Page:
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Bill Would Kill Antitrust Exemption

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Two House Democrats have introduced a bill that would repeal the McCarran-Ferguson Act insurance industry antitrust exemption.

The bill, H.R. 1583, the Insurance Industry Competition Act, would give the U.S. Department of Justice and the Federal Trade Commission the authority to apply antitrust laws to anticompetitive behavior by insurance companies.

The bill would keep the McCarran-Ferguson provision that puts jurisdiction over insurance regulation in the hands of the states.

The bill was introduced by Reps. Gene Taylor, D-Miss., and Peter DeFazio D-Ore.

Taylor and DeFazio have introduced similar bills in earlier Congresses. They say the controversy over bonuses paid to American International Group Inc., New York, employees highlights the need for action on the antitrust issue.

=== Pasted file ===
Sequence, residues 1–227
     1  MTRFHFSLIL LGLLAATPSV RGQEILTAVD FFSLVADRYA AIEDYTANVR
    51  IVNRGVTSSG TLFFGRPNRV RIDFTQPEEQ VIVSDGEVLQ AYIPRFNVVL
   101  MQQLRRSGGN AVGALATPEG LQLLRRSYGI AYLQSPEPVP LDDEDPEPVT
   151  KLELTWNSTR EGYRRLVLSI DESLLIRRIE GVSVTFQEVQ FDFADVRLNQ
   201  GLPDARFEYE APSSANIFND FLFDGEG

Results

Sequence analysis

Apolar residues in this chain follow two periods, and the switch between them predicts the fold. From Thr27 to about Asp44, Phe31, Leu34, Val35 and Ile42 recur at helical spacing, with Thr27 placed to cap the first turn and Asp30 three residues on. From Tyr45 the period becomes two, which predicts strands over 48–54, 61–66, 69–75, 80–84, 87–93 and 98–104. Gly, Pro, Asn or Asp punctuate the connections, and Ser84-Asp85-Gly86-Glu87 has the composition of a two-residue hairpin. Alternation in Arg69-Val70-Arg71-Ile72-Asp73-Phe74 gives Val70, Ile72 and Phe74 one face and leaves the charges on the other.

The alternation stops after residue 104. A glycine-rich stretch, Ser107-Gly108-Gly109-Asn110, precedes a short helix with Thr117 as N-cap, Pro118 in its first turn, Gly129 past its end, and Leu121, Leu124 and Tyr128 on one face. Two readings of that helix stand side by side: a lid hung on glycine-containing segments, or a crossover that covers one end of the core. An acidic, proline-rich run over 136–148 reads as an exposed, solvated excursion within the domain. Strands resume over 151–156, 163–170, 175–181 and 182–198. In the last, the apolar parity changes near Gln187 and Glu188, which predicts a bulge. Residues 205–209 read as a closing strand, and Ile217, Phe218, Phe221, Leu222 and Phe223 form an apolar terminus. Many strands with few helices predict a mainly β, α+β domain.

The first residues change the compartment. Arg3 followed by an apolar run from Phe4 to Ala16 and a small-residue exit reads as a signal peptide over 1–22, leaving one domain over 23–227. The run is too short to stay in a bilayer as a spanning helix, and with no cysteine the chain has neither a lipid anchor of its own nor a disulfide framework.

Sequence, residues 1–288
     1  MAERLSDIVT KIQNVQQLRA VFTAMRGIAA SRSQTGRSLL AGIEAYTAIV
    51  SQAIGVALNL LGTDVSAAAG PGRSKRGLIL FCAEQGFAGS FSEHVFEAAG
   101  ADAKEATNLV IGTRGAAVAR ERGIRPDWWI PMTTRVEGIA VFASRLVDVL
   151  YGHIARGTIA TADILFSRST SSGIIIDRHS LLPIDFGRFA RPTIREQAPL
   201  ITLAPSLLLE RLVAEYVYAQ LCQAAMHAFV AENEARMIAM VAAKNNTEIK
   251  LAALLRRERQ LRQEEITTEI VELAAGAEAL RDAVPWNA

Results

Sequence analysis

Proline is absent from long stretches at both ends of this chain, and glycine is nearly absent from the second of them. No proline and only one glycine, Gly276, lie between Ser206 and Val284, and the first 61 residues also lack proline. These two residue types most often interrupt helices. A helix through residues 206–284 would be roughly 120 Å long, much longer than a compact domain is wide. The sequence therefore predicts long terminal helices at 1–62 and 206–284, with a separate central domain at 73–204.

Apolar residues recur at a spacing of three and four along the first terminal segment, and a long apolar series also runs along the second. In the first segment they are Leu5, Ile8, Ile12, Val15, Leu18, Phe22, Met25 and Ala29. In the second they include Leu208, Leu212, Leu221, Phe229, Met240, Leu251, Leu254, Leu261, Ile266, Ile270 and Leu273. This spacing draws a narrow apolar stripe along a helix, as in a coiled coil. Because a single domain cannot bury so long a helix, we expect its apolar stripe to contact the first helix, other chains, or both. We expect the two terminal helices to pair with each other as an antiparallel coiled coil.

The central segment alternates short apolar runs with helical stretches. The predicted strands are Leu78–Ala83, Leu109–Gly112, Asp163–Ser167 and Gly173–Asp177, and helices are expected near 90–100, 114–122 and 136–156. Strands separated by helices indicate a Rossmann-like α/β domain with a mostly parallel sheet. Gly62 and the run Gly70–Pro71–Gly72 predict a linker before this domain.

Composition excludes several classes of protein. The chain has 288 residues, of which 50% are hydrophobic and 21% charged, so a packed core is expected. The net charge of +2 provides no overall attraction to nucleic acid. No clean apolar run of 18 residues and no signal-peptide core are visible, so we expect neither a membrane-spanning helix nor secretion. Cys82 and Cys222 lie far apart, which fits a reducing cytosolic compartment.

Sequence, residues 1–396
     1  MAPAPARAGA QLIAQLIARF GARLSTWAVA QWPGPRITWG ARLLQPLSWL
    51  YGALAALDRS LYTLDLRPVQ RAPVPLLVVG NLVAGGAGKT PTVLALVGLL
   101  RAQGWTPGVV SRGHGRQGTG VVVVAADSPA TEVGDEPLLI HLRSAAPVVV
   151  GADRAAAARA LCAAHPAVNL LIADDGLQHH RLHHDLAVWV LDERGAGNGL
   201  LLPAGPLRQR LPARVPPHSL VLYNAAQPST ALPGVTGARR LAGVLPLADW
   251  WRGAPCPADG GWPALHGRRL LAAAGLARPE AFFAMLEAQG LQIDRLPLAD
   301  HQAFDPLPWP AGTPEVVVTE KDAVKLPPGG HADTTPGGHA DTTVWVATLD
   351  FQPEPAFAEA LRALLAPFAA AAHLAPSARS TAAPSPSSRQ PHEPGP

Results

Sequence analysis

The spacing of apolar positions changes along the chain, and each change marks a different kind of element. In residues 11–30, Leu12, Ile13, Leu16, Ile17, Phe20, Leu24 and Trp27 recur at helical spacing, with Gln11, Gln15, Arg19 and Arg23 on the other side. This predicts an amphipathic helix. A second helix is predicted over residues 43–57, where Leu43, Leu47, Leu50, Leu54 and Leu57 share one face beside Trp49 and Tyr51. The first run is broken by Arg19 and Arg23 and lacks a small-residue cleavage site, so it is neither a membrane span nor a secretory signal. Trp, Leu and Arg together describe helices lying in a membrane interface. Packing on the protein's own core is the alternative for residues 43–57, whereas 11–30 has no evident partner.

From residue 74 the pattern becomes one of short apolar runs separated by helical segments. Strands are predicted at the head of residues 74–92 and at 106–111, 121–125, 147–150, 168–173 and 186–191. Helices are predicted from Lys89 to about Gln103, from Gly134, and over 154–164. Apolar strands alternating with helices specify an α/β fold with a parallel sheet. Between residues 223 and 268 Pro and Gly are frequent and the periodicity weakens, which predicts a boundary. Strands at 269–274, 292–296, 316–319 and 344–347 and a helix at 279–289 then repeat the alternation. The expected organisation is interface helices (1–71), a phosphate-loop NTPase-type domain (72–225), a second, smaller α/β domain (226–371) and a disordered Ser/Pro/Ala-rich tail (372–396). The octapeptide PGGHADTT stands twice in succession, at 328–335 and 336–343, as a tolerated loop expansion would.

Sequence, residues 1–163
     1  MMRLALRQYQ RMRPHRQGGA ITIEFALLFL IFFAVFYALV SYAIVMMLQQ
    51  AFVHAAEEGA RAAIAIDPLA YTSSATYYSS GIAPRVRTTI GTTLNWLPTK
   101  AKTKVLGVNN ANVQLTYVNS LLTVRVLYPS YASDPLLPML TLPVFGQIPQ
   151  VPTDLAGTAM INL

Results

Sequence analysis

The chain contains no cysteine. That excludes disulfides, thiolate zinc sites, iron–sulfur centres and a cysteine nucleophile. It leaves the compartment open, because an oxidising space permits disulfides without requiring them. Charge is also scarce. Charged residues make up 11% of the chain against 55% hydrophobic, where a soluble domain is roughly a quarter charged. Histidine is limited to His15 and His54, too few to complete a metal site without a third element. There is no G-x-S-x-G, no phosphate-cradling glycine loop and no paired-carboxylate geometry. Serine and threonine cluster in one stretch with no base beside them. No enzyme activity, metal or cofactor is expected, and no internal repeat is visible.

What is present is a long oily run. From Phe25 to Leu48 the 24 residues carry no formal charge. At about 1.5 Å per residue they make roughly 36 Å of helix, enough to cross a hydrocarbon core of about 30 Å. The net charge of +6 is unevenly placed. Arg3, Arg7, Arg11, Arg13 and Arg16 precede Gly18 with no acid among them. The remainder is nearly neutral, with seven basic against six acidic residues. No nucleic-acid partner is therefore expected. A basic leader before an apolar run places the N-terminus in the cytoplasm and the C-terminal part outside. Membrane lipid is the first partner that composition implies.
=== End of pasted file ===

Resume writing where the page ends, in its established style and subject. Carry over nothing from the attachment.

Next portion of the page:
The current insurance industry antitrust exemption gave AIG a free pass to become “too big to fail,” and “now the U.S taxpayers are on the hook to bail them out or risk even further turmoil in an already fragile economy,” Taylor and DeFazio say in a statement. “This legislation would close that exemption.”

Taylor has been criticizing the insurance industry and proposing legislation that would change the way it is regulated since Hurricane Katrina damaged his Bay St. Louis, Miss., home in 2005.

He also has filed a suit against his insurer in connection with allegations that the original settlement of his claim was inadequate. He later renegotiated the settlement.

Recently, Taylor introduced a bill that would add windstorm coverage to the National Flood Insurance Program.

Taylor says insurers believe they are above the law.

“When it comes to the federal laws, they are,” Taylor says. “After Hurricane Katrina, insurance companies took advantage of the lack of federal oversight to bill the National Flood Insurance Program for wind damage. Taxpayers also paid for FEMA trailers, home repair grants, subsidized loans, and tax deductions for property damage that insurance should have covered.”


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